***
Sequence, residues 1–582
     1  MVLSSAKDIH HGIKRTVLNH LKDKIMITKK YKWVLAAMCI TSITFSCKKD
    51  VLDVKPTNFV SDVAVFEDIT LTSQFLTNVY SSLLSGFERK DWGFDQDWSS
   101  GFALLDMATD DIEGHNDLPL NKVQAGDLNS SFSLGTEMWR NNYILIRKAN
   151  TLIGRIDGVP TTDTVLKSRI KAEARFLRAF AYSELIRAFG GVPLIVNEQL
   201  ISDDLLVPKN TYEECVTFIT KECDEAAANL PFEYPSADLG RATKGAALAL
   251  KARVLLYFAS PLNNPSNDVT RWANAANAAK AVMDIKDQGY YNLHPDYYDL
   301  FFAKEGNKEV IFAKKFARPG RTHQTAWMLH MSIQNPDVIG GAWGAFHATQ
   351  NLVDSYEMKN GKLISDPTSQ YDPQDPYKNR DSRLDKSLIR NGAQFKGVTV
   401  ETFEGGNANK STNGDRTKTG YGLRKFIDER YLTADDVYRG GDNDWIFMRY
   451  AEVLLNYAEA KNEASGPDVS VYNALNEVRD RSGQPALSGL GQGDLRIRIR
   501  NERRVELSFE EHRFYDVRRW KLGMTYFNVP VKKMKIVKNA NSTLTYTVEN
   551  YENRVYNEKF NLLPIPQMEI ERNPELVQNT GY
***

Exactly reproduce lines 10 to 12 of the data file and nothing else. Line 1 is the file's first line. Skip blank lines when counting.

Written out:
   401  ETFEGGNANK STNGDRTKTG YGLRKFIDER YLTADDVYRG GDNDWIFMRY
   451  AEVLLNYAEA KNEASGPDVS VYNALNEVRD RSGQPALSGL GQGDLRIRIR
   501  NERRVELSFE EHRFYDVRRW KLGMTYFNVP VKKMKIVKNA NSTLTYTVEN